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To prevent terror attacks, strengthen airport screening of all travelers, not just suspects

The best way to prevent airborne terrorist attacks may be to improve the baseline security screening of all air travelers rather than identifying and screening high-risk passengers, according to new research by experts at MIT and Harvey Mudd College.

The findings are included in a new paper, “How Effective is Security Screening of Airline Passengers?” by Professors Susan E. Martonosi, Department of Mathematics at Harvey Mudd College, and Arnold Barnett, Operations Research Center, Sloan School of Management at MIT.

The paper will appear in the journal Interfaces, published by the Institute for Operations Research and the Management Sciences (INFORMS), whose December 2006 issue is dedicated to homeland security topics. This special issue will be distributed to multiple contacts within the Bush Administration and Congress.

The paper is based on the principles of Operations Research (OR), a discipline that uses advanced analytical methods grounded in mathematics to make better decisions. From police dispatching to how the Pentagon deploys troops to how medical professionals stop outbreaks of disease, OR is a powerful, behind-the-scenes force that impacts our daily lives.

Today, the US Transportation Security Administration is developing the “Secure Flight” program, a passenger-profiling system to identify terrorists before they board. However, Martonosi and Barnett’s paper found that a more effective way to prevent terror attacks might be to focus instead on improving the X-ray, metal and explosives detection technology used on all travelers and their luggage, even though those measures are time-consuming.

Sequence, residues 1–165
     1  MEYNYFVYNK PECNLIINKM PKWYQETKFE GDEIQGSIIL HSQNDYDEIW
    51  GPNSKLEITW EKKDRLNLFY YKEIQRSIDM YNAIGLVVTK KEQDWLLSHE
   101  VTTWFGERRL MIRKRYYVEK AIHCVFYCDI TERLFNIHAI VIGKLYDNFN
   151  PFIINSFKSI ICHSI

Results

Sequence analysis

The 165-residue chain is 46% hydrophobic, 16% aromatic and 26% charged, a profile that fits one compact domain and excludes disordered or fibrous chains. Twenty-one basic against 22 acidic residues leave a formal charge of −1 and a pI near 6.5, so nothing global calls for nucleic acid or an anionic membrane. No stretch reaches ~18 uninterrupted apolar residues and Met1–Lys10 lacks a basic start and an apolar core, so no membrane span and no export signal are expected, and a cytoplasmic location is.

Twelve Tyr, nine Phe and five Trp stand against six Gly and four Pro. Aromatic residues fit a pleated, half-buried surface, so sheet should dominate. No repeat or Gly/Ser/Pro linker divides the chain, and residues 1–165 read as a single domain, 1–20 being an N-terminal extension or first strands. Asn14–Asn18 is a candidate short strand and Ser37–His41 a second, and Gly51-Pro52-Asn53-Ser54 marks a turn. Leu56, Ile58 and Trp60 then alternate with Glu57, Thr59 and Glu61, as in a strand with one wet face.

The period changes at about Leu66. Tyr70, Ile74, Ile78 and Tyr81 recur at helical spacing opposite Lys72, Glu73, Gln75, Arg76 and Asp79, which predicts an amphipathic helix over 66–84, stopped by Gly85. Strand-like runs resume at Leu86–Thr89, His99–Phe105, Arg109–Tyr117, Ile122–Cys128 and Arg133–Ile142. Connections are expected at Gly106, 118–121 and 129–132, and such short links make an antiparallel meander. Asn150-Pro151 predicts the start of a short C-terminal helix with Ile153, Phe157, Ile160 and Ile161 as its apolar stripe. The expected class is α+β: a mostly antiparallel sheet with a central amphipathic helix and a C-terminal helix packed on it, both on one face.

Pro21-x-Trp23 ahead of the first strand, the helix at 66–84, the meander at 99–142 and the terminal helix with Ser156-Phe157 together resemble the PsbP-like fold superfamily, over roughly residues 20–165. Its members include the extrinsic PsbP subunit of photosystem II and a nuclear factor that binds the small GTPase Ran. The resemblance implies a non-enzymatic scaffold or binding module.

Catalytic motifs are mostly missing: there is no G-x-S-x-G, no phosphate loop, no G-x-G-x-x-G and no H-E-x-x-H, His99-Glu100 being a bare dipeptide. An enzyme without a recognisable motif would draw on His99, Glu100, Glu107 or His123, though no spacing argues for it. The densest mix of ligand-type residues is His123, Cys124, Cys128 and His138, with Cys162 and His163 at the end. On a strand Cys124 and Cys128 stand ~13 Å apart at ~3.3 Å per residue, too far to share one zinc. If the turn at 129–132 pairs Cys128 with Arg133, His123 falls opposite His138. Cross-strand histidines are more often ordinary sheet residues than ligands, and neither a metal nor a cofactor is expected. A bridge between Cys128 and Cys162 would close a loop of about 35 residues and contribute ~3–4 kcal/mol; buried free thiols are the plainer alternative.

The research reignites the debate that has simmered since the terror attacks of Sept. 11, 2001: Which is more important--preventing another terrorist attack or enabling Americans to fly with the least possible delay? Where is the balance between airport security and travelers’ convenience?

The December Interfaces special issue on homeland security will also include nearly a dozen research papers on such provocative topics as:

Which has done more to prevent suicide-bombings in Israel--killing or preemptively arresting terror suspects? (By Edward H. Kaplan, Yale School of Management; Alex Mintz, Texas A&M University, and Shaul Mishal, Tel Aviv University).

How to protect the US Strategic Petroleum Reserve, the US electrical transmission system and other critical infrastructure from terrorist attack. (By Gerald Brown, Matthew Carlyle, Javier Salmeron and Kevin Wood of the Naval Postgraduate School’s Operations Research Department).

How US cities can prepare for a bioterrorist attack, drawing upon lessons learned in a simulated smallpox gas attack in San Antonio, Texas. (By George Miller and Stephen Randolph of the Altarum Institute and Jan E. Patterson of the University of Texas Health Science Center).

For more information on any of the papers or to arrange an interview with the authors, contact Doug Russell or John McElhenny at Schwartz Communications at (781) 684-0770 or at

About Interfaces and INFORMS

Interfaces is a bimonthly journal published by the Hanover, Md.-based Institute for Operations Research and the Management Sciences (INFORMS). INFORMS is an international scientific society with 10,000 members, including Nobel Prize laureates, dedicated to applying scientific methods to help improve decision-making, management, and operations. Members of INFORMS work in business, government, and academia. They are represented in fields as diverse as airlines, health care, law enforcement, the military, financial engineering, and telecommunications. The INFORMS website is More information about operations research can be found at

Barry List | EurekAlert!
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